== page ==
Gardening on clay soil

Gardeners in Prudhoe will be aware after a short time, that the soil that they have to work with is good standard clay. This is why there were brick works locally in times past.

How to identify clay soil:

  • Clay soils feel slightly sticky and dense
  • Clay feels smooth (not gritty) when a piece is rubbed between finger and thumb
  • A moist fragment can be rolled into a ball and then into sausage shape with no cracking
  • If, after being rolled into a clay sausage the moist surface becomes shiny when rubbed, it is likely that the soil is especially rich in clay and is termed a ‘heavy clay’

Clay soils are:

  • Heavy to dig and cultivate
  • Drain slowly after rain
  • Warm up slowly as summer approaches, leading to delayed plant growth and ‘workability’
  • However, against this, clay soils hold water well
  • Clay soils are usually rich in plant nutrients
  •  If worked or walked on when wet clay soils lose their structure, and become puddled and compacted. Remedying this is slow and laborious; so damage should be avoided at all costs.

Techniques and tips if you garden on clay soil:

  • Dig in autumn and early winter when relatively dry. Once wetted by winter rains, clay soils often cannot be worked or walked on until mid-spring
  • Allow winter frosts to work on clay and break it down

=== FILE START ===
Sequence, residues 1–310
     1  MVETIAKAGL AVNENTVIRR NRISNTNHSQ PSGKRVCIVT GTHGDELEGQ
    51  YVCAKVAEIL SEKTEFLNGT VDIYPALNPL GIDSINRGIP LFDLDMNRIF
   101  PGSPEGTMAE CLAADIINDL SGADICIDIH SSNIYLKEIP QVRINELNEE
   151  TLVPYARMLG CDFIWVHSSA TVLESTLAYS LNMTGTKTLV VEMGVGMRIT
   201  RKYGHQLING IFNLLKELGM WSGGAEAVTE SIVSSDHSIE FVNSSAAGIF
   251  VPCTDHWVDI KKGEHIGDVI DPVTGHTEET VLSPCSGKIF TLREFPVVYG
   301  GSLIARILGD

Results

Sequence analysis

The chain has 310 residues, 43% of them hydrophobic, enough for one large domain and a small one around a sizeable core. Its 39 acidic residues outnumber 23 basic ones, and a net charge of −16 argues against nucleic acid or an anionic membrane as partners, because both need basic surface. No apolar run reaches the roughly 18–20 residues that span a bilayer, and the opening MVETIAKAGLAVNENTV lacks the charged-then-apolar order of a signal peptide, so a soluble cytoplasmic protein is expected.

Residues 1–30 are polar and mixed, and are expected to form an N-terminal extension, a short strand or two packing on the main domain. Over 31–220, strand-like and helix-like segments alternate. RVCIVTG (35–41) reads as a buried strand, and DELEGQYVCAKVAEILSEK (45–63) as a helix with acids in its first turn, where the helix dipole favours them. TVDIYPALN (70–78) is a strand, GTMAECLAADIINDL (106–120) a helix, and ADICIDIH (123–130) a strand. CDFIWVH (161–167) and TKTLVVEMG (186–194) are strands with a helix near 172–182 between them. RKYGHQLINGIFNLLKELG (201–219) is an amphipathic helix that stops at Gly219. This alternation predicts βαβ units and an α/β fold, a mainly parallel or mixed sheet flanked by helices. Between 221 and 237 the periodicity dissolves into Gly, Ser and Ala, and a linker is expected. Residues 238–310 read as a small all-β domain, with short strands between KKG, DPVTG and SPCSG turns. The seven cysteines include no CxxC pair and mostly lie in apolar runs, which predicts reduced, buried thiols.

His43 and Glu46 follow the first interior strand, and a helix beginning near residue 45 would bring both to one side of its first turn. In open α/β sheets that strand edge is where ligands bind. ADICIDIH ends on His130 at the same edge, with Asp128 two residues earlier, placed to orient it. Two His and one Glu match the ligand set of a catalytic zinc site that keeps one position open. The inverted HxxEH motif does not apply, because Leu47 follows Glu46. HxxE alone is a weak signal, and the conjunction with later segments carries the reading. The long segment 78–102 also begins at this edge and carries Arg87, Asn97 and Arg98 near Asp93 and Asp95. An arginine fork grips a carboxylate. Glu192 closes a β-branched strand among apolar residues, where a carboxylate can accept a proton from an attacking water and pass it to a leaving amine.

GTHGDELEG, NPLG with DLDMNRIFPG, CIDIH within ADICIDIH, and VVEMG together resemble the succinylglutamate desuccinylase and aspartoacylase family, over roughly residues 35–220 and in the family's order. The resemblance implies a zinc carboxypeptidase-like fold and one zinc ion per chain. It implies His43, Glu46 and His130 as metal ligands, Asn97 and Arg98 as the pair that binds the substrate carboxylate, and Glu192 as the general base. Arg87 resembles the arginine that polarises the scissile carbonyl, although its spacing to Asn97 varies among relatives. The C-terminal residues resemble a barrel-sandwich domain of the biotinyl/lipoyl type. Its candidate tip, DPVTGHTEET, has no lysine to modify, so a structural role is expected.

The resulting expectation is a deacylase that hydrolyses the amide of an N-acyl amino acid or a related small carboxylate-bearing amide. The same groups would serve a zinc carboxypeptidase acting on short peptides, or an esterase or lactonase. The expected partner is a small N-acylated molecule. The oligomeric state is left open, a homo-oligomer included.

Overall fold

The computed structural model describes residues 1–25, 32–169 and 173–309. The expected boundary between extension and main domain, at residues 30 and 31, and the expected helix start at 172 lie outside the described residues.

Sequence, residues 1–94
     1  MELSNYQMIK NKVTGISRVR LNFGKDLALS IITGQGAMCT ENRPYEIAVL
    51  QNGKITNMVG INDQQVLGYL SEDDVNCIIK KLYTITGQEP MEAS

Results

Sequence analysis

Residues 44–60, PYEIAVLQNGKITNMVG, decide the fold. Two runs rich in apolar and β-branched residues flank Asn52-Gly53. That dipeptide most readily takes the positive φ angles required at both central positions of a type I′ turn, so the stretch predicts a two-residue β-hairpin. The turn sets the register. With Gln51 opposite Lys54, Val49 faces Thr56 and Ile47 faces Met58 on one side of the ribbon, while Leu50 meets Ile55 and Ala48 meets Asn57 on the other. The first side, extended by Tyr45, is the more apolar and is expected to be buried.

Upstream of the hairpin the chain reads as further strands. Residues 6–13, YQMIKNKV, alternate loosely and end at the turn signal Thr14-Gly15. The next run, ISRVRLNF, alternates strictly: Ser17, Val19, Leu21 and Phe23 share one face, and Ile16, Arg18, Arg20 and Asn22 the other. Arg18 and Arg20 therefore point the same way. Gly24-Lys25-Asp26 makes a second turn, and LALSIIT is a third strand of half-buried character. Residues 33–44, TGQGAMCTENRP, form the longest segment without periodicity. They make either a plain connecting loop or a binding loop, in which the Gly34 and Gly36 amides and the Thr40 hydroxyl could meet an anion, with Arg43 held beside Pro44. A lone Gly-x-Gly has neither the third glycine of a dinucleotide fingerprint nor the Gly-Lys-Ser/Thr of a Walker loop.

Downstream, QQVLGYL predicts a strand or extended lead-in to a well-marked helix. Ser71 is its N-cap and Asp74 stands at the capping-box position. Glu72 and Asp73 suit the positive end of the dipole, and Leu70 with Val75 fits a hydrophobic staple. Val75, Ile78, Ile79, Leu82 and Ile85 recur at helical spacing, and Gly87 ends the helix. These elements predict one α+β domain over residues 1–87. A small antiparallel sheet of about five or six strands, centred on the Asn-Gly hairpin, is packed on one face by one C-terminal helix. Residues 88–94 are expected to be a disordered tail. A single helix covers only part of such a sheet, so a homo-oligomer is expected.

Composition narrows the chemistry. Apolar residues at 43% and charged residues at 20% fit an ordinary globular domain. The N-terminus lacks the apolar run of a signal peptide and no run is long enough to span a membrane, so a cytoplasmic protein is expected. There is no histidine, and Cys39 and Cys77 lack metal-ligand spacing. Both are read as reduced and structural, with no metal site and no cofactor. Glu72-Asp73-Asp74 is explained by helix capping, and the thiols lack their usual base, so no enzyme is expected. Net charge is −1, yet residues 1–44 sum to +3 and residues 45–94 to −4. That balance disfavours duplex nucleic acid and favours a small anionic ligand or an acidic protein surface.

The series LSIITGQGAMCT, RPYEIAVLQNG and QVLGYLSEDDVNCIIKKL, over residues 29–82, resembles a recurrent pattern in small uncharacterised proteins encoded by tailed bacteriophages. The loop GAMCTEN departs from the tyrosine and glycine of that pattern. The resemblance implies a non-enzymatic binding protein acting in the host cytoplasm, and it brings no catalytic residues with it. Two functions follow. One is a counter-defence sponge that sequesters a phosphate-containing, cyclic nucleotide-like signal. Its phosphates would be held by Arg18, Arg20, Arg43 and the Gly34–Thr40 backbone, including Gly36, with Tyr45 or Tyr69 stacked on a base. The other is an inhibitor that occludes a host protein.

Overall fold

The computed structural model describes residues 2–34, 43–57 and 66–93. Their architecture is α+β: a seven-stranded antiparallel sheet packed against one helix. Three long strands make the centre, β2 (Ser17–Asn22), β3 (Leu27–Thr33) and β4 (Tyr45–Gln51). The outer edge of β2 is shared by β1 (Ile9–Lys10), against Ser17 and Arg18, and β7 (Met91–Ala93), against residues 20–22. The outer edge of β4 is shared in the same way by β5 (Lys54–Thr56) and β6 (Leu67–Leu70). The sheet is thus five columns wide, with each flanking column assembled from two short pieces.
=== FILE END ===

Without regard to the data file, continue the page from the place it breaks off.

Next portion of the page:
• Where digging is required, it is traditional in wet regions to dig clay into narrow ridges to allow more frost activity and better drainage
  • There is often only a brief period when clay soils are workable between waterlogged soils after winter and baked hard clay from late spring
  • Avoid early planting or sowing unless drainage can be improved by making raised beds or the ground dried and warmed in advance (for at least six weeks) by covering with cloches or clear polythene sheets
  • Although early vegetables are a challenge on clay soils, maincrop vegetables are usually heavy yielding and potentially of outstanding quality
  • Tree fruits generally thrive on clay soils, although some soft fruits, raspberries and strawberries for example, are more trouble

Source of information – Clay Soils by Royal Horticultural Society

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